Gallatin County, Montana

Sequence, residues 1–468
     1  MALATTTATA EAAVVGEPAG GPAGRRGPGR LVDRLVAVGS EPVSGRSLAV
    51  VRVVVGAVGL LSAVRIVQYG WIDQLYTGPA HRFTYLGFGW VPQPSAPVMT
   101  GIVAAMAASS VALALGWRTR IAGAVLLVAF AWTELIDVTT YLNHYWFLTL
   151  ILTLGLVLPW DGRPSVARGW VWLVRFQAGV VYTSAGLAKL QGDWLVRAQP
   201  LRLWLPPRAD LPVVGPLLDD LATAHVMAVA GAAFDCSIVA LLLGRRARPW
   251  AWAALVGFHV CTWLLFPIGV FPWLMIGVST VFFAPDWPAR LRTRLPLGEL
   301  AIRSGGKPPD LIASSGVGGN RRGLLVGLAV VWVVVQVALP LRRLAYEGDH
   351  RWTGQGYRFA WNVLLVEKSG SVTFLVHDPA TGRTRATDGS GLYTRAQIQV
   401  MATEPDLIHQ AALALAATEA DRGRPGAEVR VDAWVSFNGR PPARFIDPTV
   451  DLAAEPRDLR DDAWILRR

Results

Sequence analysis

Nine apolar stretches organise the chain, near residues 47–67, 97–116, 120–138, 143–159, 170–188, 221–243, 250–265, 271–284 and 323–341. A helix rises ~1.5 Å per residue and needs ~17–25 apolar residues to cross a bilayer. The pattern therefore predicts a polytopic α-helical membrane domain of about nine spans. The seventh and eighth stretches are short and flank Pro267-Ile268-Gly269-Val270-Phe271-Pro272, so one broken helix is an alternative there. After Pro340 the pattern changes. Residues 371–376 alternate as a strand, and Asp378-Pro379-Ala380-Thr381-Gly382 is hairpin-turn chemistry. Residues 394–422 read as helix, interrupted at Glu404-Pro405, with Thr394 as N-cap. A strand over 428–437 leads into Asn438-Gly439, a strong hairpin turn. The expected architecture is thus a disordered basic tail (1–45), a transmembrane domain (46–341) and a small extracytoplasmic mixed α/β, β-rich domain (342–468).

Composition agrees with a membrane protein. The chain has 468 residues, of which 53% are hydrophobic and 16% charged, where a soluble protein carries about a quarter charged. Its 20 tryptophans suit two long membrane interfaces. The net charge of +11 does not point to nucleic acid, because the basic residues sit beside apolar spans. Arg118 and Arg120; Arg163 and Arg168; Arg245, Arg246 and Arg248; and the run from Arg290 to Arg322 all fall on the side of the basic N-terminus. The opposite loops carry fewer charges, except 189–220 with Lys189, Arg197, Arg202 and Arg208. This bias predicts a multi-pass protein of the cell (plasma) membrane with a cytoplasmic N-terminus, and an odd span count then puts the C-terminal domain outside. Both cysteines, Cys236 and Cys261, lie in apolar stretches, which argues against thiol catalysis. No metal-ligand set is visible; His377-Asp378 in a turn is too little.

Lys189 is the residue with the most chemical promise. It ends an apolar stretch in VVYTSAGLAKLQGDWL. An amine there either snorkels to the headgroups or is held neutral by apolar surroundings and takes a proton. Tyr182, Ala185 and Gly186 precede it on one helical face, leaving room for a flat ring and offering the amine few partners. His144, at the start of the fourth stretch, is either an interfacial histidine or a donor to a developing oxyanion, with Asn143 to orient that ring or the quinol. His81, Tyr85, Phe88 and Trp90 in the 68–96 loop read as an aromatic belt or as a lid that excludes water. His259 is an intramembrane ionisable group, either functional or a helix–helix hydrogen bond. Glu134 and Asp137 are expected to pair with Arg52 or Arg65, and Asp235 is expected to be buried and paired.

Minka House crowns a mountain ridge in Western Montana. Its resultant design is derived from three major form-givers, the site, a commanding and heavily wooded 20-acres with slopes of more than 30 percent falling off the ridge; a unique structural framing system inspired by Japanese traditional folk houses; and a client program which included isolation from nearby urban fabric, and an intimate response to the natural and rugged mountain environment. Listening to the site was key. Although 20 acres would appear to accommodate numerous site diagrams, it became immediately clear that only one was appropriate…to follow the narrow ridge in a lineal spine circulation gallery which serves the living spaces on the east and west edges of dramatic steepness. Unlike many mountain ridge sites, which profile structures in an ungainly way, this heavily treed site, with its dense and mature growth of conifers, and the low sloped single and double pitched roofs, prevent the house from being visible from any distant prospect. From the house, only distant views of surrounding mountains, the valley below, intimate views of the architectural elements, and the nearness of the trees remain. Minka, a Japanese word for folk-house, is a name given by the architect to denote a structural framing system comprised of only compression members layered in horizontal beams and vertical struts. This system, combined with the layering of the Smith modified Vierendeel truss, exemplified in the KanZan House, provide the clarity of structure which also sets up a modular cadence to the rhythms of the house. The natural quality of the wooden laminated beams and columns, and the cedar siding, reflect the organic quality of a Minka village. The architectural concrete foundation walls, the stacked bond CMU masonry fireplaces, the zinc standing seam roofing and fascia combined with extensive glass walls, contrast with the organic elements to marry the traditional to the modern.